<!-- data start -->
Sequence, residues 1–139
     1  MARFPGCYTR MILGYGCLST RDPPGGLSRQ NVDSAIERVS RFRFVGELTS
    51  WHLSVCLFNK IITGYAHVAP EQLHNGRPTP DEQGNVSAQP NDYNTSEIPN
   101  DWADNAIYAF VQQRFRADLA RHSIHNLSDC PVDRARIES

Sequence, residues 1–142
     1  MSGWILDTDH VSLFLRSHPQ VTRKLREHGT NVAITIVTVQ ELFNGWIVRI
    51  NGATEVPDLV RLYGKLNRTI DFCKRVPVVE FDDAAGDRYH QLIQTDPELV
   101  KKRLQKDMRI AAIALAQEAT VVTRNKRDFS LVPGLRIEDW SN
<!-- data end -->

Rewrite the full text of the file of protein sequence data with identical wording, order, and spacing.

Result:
Sequence, residues 1–139
     1  MARFPGCYTR MILGYGCLST RDPPGGLSRQ NVDSAIERVS RFRFVGELTS
    51  WHLSVCLFNK IITGYAHVAP EQLHNGRPTP DEQGNVSAQP NDYNTSEIPN
   101  DWADNAIYAF VQQRFRADLA RHSIHNLSDC PVDRARIES

Sequence, residues 1–142
     1  MSGWILDTDH VSLFLRSHPQ VTRKLREHGT NVAITIVTVQ ELFNGWIVRI
    51  NGATEVPDLV RLYGKLNRTI DFCKRVPVVE FDDAAGDRYH QLIQTDPELV
   101  KKRLQKDMRI AAIALAQEAT VVTRNKRDFS LVPGLRIEDW SN